It was not your normal get together on a Tuesday night at a home near Algonquin Avenue in North Bay.
A pair of investigators sat down with three witnesses as they tell their stories about strange noises and unthinkable sightings of a creature many refer to as “Big Foot” or “Sasquatch.”
Christine Byrnes and Peter Smith are part of the Ontario Wildlife Field Research organization, which investigates unusual animal sightings such as albino moose, cougar and Sasquatch sightings in Ontario.
Many have heard stories of the large, hairy, bipedal creatures in the rocky mountains, but Smith and Byrnes claim there are sightings in northern Ontario too, and quite a few literally in North Bay’s backyard.
“Within that 30 kilometre radius (of North Bay), there are 15 actual sightings, nine sets of footprints, plus numerous vocalizations and wood knocks,” stated Smith about the sightings.
“We used to travel 100 kilometres or more, to remote areas. We now have enough local reports to keep us busy.”
One witness named Jim, says he has had two sightings within the past two years and at least one of them was literally within the city limits.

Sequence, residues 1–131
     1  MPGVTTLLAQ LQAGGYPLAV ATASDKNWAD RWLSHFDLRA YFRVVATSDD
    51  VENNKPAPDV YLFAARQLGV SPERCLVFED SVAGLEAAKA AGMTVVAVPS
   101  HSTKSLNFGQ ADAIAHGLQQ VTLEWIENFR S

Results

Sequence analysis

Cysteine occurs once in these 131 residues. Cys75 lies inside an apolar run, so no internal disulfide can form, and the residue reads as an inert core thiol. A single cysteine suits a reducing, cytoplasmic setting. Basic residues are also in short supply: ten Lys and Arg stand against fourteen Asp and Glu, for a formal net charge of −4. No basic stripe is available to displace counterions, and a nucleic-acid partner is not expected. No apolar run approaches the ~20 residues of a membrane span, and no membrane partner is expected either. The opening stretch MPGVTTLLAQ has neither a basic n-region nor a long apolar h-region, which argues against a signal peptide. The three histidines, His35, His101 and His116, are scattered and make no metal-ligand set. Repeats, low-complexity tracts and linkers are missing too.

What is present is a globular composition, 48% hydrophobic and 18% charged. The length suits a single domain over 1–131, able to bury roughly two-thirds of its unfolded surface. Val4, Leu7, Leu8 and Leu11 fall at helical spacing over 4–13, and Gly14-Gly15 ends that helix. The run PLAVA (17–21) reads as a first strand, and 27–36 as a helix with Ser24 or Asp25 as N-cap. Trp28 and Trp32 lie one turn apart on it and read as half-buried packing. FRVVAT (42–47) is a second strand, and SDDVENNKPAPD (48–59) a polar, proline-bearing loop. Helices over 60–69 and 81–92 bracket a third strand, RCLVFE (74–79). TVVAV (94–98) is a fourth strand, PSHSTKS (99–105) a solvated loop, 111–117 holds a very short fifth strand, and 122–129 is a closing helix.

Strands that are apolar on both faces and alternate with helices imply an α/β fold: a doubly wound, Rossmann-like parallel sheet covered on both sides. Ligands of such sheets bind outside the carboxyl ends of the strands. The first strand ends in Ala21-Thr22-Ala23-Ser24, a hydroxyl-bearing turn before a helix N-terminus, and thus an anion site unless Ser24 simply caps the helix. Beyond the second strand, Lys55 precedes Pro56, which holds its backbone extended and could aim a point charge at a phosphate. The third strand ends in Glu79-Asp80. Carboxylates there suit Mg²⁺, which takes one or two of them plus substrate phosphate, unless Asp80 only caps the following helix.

But not all the stories Christine and Peter hear are easily explained or even comfortable for some to even talk about.
Byrnes recalls a report of a sighting from a nurse she knew who was riding horseback on trails north of CFB North Bay.
“She called me about the sighting she had one evening and she just panicked on the phone,” said Byrnes.
“She was riding her horse on a path and the horse refused to go forward and she looked up and there was a Sasquatch standing right there on the path. She wanted me to tell her, ‘I didn't see what I saw,’ she doesn’t want to talk about it and wants to block it from her mind.”
That’s the common reaction to seeing something unthinkable as it is estimated less than 10 percent of sightings are ever reported many times due to the fear of public ridicule.
Another report came from a man whose wife and son believe they saw a Sasquatch cross Highway 11 North near Astorville. Neither the wife nor son will talk about it publicly to the investigators.
So far the organization has more than 230 reports in the province of Ontario going back decades.
Byrnes and Smith will take the reports, and many times will go out and investigate the scene and are especially interested if a witness can provide a photo or a photo of footprints.
“With close to 700 members across Ontario, we can investigate any report fairly quickly,” said Smith.
“We have members in the northern remote communities, that keep us informed of activity.”
Smith says anyone with an unusual sighting who wants to share it can go to the Ontario Wildlife Field Research public forum HERE